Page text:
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Science is our future, not our enemy

Our nation prides itself on academic excellence and scientific ingenuity that provide society with the benefits of new and exciting discoveries and technological advances. In fact, science and technology have been responsible for half of all U.S. economic growth since World War II.

And yet, the current administration is attacking science at every turn. They call climate change a hoax and are working to repeal sound regulations based on the best available science. In so doing, they jeopardize our food, water, health and environment.

The House Committee on Science, Space and Technology is led by Congress’ leading climate change denier and counts many other science deniers among its members. Despite rejecting and attempting to suppress science time and again, this committee oversees all federal energy research and our national laboratories. The current Congress and their potential cuts to research threaten our nation’s scientific excellence and leadership throughout the world.

In Southern Oregon, clean technology and renewable energy are the future of jobs and prosperity. For numerous reasons, our future cannot include a return to the boom and bust associated with natural resource extraction. Congressional leaders seem intent on sending our nation back to a time of dirty air, dangerous jobs, denuded landscapes, and polluted waters. We must not go backwards.

A group of scientists, professors and doctors here in Southern Oregon want to discuss with Rep. Greg Walden the need for the U.S. to continue to lead on science and the need for Southern Oregon to lead on clean technology and renewable energy. We requested a meeting with our representative during this congressional recess, but were denied.

We are requesting that Representative Walden support continued federal funding for scientific research and development, as well as policies and regulations based on the best available science, including the Clean Power Plan, the Clean Water Act, the Endangered Species Act and the Paris Climate Accord that is based on scientific consensus among thousands of international scientists. At the state level, we support science and clean technology through the Clean Energy Jobs Bill. This bill needs the support of State Sen. Alan DeBoer, along with Reps. Pam Marsh, Sal Esquivel, Mike McLane and other Oregon legislators.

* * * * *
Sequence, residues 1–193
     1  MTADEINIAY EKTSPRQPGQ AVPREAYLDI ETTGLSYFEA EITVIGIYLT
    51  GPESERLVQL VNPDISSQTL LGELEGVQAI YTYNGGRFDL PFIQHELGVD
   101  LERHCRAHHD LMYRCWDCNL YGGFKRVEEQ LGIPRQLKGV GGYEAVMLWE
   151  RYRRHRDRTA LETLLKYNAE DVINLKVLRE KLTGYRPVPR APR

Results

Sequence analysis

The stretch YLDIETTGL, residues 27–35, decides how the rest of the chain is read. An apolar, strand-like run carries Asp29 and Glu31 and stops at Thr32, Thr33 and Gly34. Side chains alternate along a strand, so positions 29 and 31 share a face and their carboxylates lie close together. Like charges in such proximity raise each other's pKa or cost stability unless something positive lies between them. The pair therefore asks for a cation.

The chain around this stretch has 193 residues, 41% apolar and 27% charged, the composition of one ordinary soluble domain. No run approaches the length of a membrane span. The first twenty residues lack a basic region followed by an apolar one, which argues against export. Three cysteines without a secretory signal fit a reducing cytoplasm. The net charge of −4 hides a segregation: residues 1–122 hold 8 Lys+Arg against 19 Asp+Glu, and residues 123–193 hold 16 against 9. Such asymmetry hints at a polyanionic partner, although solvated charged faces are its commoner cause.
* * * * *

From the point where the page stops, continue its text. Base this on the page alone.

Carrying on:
Science is not elitist. Nor is it partisan. Science is for anyone with curiosity about how our world works. If you use a cellphone, drive a car or follow a doctor’s prescription when you are sick, you welcome science into your life.

That same science tells us that we need to quickly switch from fossil fuels to renewable energy sources, that we need healthy forests to provide us with water and to slow climate change, and that we can create new cures and treatments for diseases that have long plagued humanity. Science is the answer, not the problem.

Like all rational Americans, we expect our representatives in D.C. to reject alternative facts and conspiracy hoaxes. We ask that they accept the reality that science reveals about our world and our health. Failure to do so will cost us dearly, causing illness, suffering and even loss of life.

Scientists are regular people with kids and hobbies and businesses, just like everyone else. We help to discover new information so that everyone can use it in our everyday lives. We are writing this editorial because we care about the future of our nation and our region, and strongly believe that that a successful future will depend on our embracing facts, data and reality over partisan hype and, too often, outright lies.

On April 22, there will be a March for Science in cities around the nation, including Medford. And on April 29, the People’s Climate March will be held in Medford and cities around the world. Scientists are rarely activists, but the current political climate and attacks on science, plus the seriousness of the consequences, have compelled us to take more activist roles. Please join us to support continued American leadership in science and sound policies that protect people and the environment.

Finally, we would appreciate a meeting with our representative in Congress, who has voted for many of the recent rollbacks of regulations that were carefully crafted based on best available science. Rep. Greg Walden’s rejection of our request for a meeting on science has us wondering, “Where’s Walden?”

— Marni Koopman, Ph.D., is a climate change scientist. Bryan Sohl, M.D., is a physician. This opinion was also signed by Alan Binette, M.D.; Dominick DellaSala, Ph.D., chief scientist at the Geos Institute; Eric Dittmer, professor emeritus in the Department of Environmental Studies at Southern Oregon University; Linda Harris, M.D.; Elizabeth Hirni, D.O. and hospitalist; Gregory Jones, Ph.D., professor of environmental science and policy at SOU;  Alan Journet, Ph.D., professor emeritus, departments of biology and environmental science, Southern Mississippi State University; Daniel A. Kahn, M.D., Ph.D.; Jack Lentfer, Ph.D., former scientific advisor and commissioner of the U.S. Marine Mammal Commission and member of the Alaska Board of Game; Richard May, Ph.D., professor of human anatomy and physiology; Michael Parker, Ph.D., professor and chair of biology; and Mike Stadnisky, Ph.D., CEO, Life Sciences Informatics Company.